For more detailed information, visit our blog on CVSS here.

How Can Organizations Use CVE Information to Assess the Severity of Vulnerabilities? 

Organizations can effectively use CVE information to assess the severity of vulnerabilities by staying up-to-date with trusted databases such as the NIST National Vulnerability Database and MITRE's CVE database. Identifying relevant vulnerabilities and employing CVSS scores allows organizations to prioritize their patching and mitigation efforts based on the severity of the identified issues. Further prioritization should involve considering the attack vector, evaluating the potential impact on the confidentiality, integrity, and availability (CIA) triad, and assessing the exploitability of each vulnerability. By developing and implementing comprehensive remediation plans to address these vulnerabilities, organizations can ensure they are proactively responding to potential threats.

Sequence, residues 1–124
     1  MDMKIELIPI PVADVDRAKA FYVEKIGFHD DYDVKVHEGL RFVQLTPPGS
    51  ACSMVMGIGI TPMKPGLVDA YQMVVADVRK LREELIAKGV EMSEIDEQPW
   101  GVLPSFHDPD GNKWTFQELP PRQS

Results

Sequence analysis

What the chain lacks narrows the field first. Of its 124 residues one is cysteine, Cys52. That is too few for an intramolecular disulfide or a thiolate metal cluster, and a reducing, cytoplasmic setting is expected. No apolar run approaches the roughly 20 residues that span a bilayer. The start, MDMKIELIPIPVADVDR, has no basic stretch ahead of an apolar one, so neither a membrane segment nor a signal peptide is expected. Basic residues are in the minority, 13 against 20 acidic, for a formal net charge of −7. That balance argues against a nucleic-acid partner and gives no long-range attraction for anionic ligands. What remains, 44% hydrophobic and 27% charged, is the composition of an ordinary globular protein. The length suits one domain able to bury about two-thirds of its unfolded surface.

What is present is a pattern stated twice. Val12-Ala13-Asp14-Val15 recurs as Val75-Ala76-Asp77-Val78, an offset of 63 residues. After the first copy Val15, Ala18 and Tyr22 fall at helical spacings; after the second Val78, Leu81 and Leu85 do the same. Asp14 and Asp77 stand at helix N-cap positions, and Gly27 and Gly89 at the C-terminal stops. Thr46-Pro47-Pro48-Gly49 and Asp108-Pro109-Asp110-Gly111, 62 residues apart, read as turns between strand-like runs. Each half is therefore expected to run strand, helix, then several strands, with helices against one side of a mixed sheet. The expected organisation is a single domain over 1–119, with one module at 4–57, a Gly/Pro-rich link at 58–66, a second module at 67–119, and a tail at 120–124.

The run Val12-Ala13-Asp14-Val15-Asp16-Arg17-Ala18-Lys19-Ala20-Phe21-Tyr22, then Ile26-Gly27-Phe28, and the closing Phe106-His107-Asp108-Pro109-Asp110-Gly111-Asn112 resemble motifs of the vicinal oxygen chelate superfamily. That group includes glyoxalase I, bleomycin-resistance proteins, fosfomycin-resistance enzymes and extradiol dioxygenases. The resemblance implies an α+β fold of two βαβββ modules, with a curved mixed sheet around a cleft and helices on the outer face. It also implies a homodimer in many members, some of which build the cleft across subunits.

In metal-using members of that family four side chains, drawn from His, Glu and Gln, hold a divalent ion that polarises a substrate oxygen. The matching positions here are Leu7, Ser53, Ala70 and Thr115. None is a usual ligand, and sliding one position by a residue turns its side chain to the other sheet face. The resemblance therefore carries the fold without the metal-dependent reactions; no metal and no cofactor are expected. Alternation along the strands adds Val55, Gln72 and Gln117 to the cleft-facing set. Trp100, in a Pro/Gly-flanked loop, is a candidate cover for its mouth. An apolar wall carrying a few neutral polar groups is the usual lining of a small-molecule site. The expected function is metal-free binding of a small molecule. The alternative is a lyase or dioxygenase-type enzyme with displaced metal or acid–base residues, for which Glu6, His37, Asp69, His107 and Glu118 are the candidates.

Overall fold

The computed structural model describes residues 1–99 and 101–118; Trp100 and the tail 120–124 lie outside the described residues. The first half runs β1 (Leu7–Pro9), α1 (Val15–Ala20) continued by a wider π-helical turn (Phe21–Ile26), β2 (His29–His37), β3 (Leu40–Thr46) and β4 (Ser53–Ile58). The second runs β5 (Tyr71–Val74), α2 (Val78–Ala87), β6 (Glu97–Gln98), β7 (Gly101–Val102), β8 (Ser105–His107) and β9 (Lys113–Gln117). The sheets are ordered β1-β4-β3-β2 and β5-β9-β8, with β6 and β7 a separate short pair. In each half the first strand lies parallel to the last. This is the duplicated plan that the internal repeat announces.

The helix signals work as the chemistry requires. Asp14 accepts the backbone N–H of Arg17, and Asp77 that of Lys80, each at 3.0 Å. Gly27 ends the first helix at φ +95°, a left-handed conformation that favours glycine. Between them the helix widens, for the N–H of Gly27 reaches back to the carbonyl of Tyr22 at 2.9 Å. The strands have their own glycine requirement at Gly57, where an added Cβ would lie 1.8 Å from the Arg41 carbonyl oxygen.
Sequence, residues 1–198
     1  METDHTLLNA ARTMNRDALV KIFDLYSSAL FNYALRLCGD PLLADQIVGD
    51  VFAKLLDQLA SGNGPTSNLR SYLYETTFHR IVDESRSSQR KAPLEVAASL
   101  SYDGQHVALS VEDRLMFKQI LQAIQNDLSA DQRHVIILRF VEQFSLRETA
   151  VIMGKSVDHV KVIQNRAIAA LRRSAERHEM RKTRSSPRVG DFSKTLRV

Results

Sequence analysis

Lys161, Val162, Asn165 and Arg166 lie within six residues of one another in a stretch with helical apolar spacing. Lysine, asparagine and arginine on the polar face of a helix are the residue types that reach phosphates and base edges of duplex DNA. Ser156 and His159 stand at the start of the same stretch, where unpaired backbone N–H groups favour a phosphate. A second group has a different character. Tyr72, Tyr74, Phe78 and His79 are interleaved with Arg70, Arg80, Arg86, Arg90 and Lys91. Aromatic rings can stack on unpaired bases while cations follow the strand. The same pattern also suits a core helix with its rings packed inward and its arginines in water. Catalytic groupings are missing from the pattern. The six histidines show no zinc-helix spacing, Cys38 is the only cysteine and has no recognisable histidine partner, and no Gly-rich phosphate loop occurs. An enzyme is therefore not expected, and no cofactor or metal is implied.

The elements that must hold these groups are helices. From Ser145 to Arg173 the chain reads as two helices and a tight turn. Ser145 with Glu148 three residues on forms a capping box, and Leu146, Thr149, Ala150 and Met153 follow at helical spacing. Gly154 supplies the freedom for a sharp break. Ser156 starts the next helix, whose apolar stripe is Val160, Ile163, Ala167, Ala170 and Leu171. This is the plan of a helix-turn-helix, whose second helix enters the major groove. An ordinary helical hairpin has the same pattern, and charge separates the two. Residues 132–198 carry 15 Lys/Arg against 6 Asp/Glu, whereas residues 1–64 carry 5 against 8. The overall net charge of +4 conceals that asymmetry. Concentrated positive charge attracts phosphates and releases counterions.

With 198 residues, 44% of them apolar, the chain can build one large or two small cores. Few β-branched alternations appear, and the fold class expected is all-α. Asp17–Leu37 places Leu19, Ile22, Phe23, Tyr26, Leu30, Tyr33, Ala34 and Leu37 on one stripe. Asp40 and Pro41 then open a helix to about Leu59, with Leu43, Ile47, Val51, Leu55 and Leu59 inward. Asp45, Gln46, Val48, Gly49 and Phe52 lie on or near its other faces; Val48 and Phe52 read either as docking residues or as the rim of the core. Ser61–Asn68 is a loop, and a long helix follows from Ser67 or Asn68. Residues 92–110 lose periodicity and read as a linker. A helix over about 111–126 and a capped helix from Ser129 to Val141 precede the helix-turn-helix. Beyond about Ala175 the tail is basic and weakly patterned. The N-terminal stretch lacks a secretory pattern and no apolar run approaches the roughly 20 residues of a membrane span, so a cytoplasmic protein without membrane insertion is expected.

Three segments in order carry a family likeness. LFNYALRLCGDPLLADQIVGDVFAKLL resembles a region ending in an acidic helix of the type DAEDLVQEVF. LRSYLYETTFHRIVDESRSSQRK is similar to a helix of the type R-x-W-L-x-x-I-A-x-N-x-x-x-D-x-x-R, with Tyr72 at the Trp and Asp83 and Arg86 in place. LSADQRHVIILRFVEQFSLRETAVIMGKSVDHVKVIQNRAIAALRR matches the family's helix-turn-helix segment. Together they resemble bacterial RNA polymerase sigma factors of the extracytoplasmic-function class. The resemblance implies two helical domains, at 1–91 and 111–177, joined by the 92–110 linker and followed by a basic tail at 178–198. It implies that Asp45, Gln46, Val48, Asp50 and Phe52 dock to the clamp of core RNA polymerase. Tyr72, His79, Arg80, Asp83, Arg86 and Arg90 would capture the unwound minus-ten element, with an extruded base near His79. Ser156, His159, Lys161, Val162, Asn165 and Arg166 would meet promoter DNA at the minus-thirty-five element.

Continuous monitoring and reassessment of the severity of both new and existing vulnerabilities is crucial in maintaining a robust security posture and staying ahead of emerging risks in the ever-evolving cybersecurity landscape.

What Is the Difference Between a CVE and a CWE?

CVE (Common Vulnerabilities and Exposures) and CWE (Common Weakness Enumeration)  work in tandem to enhance software security by addressing distinct yet interconnected aspects of vulnerabilities and weaknesses. CVE's role is to pinpoint specific vulnerabilities, offering unique identifiers that allow security practitioners to accurately track and manage these issues in various systems and applications. Meanwhile, CWE delves deeper into the root causes of these vulnerabilities, encompassing coding errors, design flaws, and implementation oversights, which facilitates the identification of recurring patterns and trends in software weaknesses.